Ireland’s Need of a Free Currency

Ireland’s Need of a Free Currency.

At all periods of human history it is possible to observe a combination of times and conditions that seems conspicuously ripe for the recognition and adoption of certain instalments of general truth embodied in particular ideas and principles borne mostly on the obscure banners of hitherto unnoticed reform. Such an occasion, I venture to believe, is presented by the dawning hopes to which the impending political change gives birth in the state of long-scourged and ever-suffering Ireland.

The economic regeneration of that country through the death of Interest by means of a free currency is the idea which the writer believes peculiarly fitting at this juncture of her career to inaugurate the industrial and social Revolution.

A glance at the circumstances upon which this assumption is based cannot fail to interest all students of the economics of Anarchism, besides furnishing the reasons for offering this suggestion to Liberty. Ireland’s industrial position to-day is that of a people whose commercial prospects and productive efforts have been effectually blighted and crushed out by the foreign aggressor and reduced to dependence on an impoverished and miserable agriculture under the worst agrarian system that was ever imposed by the invasive brutality of tyrannical government upon an unwilling but powerless community. Political self-government, the dream of centuries, is almost within their grasp. Alas! that the hopes of ages should be centered upon so deceptive a consummation! Yet it is not the mere expedient of Home Rule to which they pin their faith. It is a reformed land system, the opening up of manufactures and a new commerce, the revival of industry, the growth of trade and exchange, and the building up of a new era of general prosperity, which are anticipated as the fruits of the political change, that render the Irish people hopeful and confident.

Doubtless a partial realization of these expectations will ensue. But in what way and with what results? The system of land tenure may be reformed and agriculture improve; probably attempts will be made with more or less success to create and build up new industries and establish international commerce; the abundant and not high-priced labor, together with the exceptional natural facilities which the country offers for conducting a variety of industrial enterprises, will assure determined efforts for their establishment, and a consequent demand for capital; but this demand cannot be met except by the same classes who have in the past combined with the needy landlords to tighten the screw on the over-burdened peasant. For money-capital is notoriously scarce in Ireland: hence a market for English capitalists and London usurers will be one of the first fruits of Home Rule, of which they will not fail to take advantage, and in the name of Interest the bloodsuckers will despoil labor and seize the lion’s share of the product with as much security under an Irish Parliament as was ever possible in the palmy days of the tyrant Balfour. That the inudstry, intelligence, and talents of the Irish people will be turned in the direction indicated there can hardly be a question. For it is only the incessant struggle against alien oppression along with the creation of impossible conditions of growth and prosperity by British conditions of growth and prosperity by British commercial jealousy and power which have reduced the people to their present backward state.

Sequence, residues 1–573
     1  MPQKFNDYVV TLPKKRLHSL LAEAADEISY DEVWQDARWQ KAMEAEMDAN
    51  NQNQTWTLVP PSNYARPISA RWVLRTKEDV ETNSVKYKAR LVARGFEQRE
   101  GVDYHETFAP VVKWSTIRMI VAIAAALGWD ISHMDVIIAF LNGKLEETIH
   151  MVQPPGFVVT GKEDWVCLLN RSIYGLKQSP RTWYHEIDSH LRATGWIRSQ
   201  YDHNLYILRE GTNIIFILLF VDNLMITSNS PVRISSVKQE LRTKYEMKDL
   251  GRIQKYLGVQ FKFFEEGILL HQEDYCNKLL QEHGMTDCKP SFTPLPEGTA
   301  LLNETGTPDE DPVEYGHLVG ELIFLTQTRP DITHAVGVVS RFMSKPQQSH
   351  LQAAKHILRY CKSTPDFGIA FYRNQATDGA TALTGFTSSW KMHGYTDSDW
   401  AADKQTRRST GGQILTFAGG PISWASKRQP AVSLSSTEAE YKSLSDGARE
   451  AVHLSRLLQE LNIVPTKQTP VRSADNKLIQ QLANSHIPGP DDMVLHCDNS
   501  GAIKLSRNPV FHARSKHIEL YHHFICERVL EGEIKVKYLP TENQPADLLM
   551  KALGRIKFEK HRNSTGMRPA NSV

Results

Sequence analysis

With regard to the proposed schemes of self-government, the question of the new Parliament issuing a paper currency to supply the internal circulating medium has been discussed with favor both by English statesmen favorable to Home Rule and by Irish politicians. Probably a species of fiat money under certain limitations is the prevailing notion. Something in that direction is likely to accompany the Gladstonian plan. Banks in Ireland at present issue notes which form the greater part of the currency. They are based of course on gold; about two-thirds, I think, is the reserve which the banks are supposed to hold against their paper in circulation. A national paper currency is spoken of to replace this privilege.

As a people the Irish are by no means favorable to Usury. They are hereditary and inveterate foes to its own brother, Rent. They would be as easily aroused against the former as they have always been against the latter. Is there not in these circumstances a remarkably favorable field for the propagation of Mutual Banking as a practical plan for the realization of Ireland’s dream? There is now a large surplus of agricultural products over the home consumption. Her peculiar position compels her to export this surplus without receiving equivalent values in return. The rise of an industrial and commercial class would absorb this abundant produce and also offer an equitable return. Therefore, neither raw material nor real wages—i.e., the necessaries of life—are wanting; nothing but a medium of exchange, a money-capital, is needed to insure the growth of boundless prosperity.

Anarchists in their financial plans offer a medium of exchange, scientifically sound and practically unlimited, free money, capital without usury or interest, a peaceful method of economic revolution.

Among the readers of Liberty are there none who can do or suggest anything which would help to spread the principles of mutualism where there is an exceptional chance of their bringing forth fruit? Has Liberty any readers in the Green Isle who can inaugurate the propaganda? May there not be found an Irish-American with talents, means, and time to put a practical aspect on this imperfect but honestly-meant suggestion?

William Bailie.